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Digby and Sowton Station

Page added 17 November 2008

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The London and South Western Railway opened a halt known as the Clyst St Mary and Digby Halt on the Exmouth line on the 1 June 1908. A 120 ft (37 metre) platform, constructed from railway sleepers, was installed on the Exmouth line. The station was closed on the 27 September 1948. More than ten years before the Clyst St Mary and Digby Halt opened, the 9.30 Express from Exmouth hit a man walking on the line at Digby. The driver and fireman saw the man walking between the tracks, when they blew the whistle to attract his attention. The man appeared "somewhat strange in his manner, looked around but seemed to take no notice." The driver applied the brakes but the train hit the man before it came to a halt. He was taken taken to Queen Street Station and then conveyed to the Devon and Exeter Hospital where he was found to have a severe injury to his head.

Forty five odd years after the old station closed, and in an age when the opening of a new railway facility, apart from prestige high-speed lines, is rare, Digby and Sowton Station was opened on 29 May 1995. The present station was sited 380 yards (350 metres) south of the old station. It has a single, concrete platform faced with paving bricks, and has a metal and glass shelter for passengers. It was built to serve the newly expanding housing development at the old Digby Hospital, and the expansion of the Sowton Industrial Estate. An unstaffed halt, passengers can purchase their tickets from a machine, for services on the Avocet line to Exmouth, or back to Exeter and on to Torquay and Paignton, or Barnstaple.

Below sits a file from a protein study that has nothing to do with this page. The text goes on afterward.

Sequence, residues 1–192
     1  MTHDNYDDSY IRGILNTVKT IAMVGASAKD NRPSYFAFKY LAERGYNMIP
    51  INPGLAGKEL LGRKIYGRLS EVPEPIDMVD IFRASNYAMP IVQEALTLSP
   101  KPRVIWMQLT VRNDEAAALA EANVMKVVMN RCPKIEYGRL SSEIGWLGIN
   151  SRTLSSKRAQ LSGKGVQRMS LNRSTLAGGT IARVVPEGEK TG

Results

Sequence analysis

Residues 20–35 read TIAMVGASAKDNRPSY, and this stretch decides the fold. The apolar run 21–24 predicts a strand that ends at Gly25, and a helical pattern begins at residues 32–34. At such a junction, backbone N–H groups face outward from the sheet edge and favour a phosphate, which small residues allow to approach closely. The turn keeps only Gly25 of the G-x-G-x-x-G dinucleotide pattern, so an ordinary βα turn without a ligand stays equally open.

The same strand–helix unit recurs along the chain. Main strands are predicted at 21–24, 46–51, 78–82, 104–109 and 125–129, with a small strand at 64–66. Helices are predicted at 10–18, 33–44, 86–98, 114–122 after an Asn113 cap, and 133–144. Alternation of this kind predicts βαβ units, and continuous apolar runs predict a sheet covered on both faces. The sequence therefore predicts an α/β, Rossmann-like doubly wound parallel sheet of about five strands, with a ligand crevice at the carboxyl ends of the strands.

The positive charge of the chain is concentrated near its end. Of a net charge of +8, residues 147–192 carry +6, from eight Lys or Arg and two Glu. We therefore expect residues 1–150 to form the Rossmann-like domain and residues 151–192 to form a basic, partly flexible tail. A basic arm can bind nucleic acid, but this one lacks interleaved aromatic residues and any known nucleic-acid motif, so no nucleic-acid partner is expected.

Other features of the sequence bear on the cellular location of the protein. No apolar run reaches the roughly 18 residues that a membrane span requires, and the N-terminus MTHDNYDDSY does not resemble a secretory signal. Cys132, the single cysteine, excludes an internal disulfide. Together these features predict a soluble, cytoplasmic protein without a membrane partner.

Although its position was chosen to serve the Sowton and Digby developments, but has been found to be an uncomfortable walk for either. There is a park-and-ride facility close by as well as a regular bus to the Royal Devon and Exeter Hospital in Barrack Road. The station also provides rail access for the Exeter Chiefs' Rugby Stadium at Sandygate. It is operated by First Great Western.

Digby and Sowton Station
The graffitied front of the station. Queen Street Station 1916 - Queen Street The metal and glass shelter looking down the line. Both photographs are © Owen Dunn.

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